Your three-digit credit score helps creditors and lenders predict the likelihood that you’ll repay money you borrower. The number is primarily based on your habits with credit products like loans and credit cards, but the way you handle your finances in general does have in impact on your credit score. Here are the basic financial habits you need if you want to build good credit.

Living within your means.

Living within your means is key to affording your bills, something that has a major impact on your credit score. Failing to live within your income puts you at risk for missing payments on your credit cards, loans, and other monthly bills. Payment history is 35% of your credit score, which means that falling behind can hurt a lot.

Use a budget to help figure out what you can afford to spend. Track your spending between paychecks to be sure you’re staying on track. Reign in your spending if you’re running out of money and you still have a few days before your next paycheck.

Prioritizing needs above wants.

One way to keep your spending in check and build good credit is to make sure you’re taking care of your needs first. If you spend all your money on things you want, there’s nothing left to pay the important bills – the ones that will affect your credit rating. Plus, indulging in too many of your wants tempts you to create debt, possibly more than you can afford.

Keep your finances organized.

It’s hard to make your payments on time if your bills and other financial documents are disorganized. Come up with a system for keeping up with your bills and bank statements. For example, you might use a bill payment calendar to keep up with your monthly bills, payment amounts, and due dates. Then, refer to the calendar frequently throughout the month to be sure you’re on track with your payments.

>> Download a free monthly bill checklist. Print 12 to keep track of your bills each month of the year.


Make all your payments on time.

Paying your bills on time – ahead of time even – is one of the most important things you can do to build good credit. Payment history is a significant part of your credit score, so paying your bills on time is important. If you’ve checked your credit report, you probably know that not all your bills are listed on your credit report.

Credit cards and loans are regularly reported, but other regular monthly bills like your electric service, cable, and insurance payments aren’t included on your credit report. Don’t skip these bills just because aren’t regularly reported to the credit bureaus.

Habits are contagious. If you’re missing payments on some bills, you’re more likely to miss payments on other bills including those that are listed on your credit report. Missing any bills will trigger incur expensive late fees. When late fees are added, it increases your monthly payment and makes it harder to live within your means.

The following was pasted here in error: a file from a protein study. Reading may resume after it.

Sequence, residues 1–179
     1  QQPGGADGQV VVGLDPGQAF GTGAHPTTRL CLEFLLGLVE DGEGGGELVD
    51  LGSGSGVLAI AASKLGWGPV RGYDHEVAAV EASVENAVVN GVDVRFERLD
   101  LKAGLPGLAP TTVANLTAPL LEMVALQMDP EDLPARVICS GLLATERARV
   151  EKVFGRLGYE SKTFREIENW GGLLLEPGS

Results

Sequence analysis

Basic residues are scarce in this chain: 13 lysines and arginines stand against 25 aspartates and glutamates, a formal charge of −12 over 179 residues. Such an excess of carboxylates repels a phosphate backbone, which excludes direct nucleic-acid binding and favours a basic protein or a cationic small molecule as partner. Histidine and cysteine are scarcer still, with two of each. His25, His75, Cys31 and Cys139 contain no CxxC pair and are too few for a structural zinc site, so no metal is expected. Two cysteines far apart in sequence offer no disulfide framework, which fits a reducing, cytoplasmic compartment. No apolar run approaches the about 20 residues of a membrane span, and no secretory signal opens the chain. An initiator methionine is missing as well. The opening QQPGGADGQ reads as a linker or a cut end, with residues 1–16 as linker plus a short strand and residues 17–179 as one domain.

Once you’re behind, getting caught up could put a strain on your finances that causes you to miss more important bills. And, if your payments get too far behind your account could go into default and in that situation it could be listed on your credit report.

Paying more than the minimum.

Your credit card issuer only requires that that pay a small amount of your outstanding balance each month. This amount is usually 2 to 4 percent of your balance, which is at most $40 on a balance of $1,000. Once interest is added, your credit card balance may actually only decrease by about $25.

Paying your balance down with minimum payments can keep you from having a great credit score, particularly if your balance is more than 30% of your credit limit. It’s best to pay your credit card balance in full each month. If you can’t afford to, aim to make larger payments so you’re using up less of your credit limit and building good credit.

Researching financial products.

Don’t choose financial accounts on a whim. That includes checking and savings accounts, investments, credit cards, and loans. A bad credit card or loan could be difficult to repay. For example, hidden fees and high interest rates could be a struggle to pay back. Even picking a good checking account can indirectly impact your credit score since that account holds the money you use to pay your bills.

Use the internet to research any type of account you’re considering. Compare to similar accounts to get an idea of the best account to open.

Fix mistakes sooner rather than later.

You may not make the right money moves every time. Though you should strive to pay on time every month and stay out of debt, mistakes do happen.

Financial mistakes don’t have to hurt as much if you take care of them immediately. If you miss a payment by a couple of days, make it up before the next due date. Banks report late credit card or loan payments to the credit bureaus after 30 days, which is often around the time of your next due date. Take care of checking account overdrafts as soon as possible to prevent additional overdrafts to your account.

The longer you wait to clear up your mistakes, the harder (and often more expensive) it becomes to clear them up.

Avoid borrowing what you can’t afford to repay.

Many people make the mistake of having the opposite mindset about credit. They believe that credit is for buying things they otherwise wouldn’t be able to afford. Unfortunately, this mindset is what leads to a lot of credit problems. Borrowing more than you can afford leads to high balances and payments you can’t afford. You’re at risk of falling behind on payments if you’ve overextended yourself financially.

Before you take on a new credit card or loan, review your budget to confirm that you have free income to afford another payment. If not, avoid taking on debt until you do.

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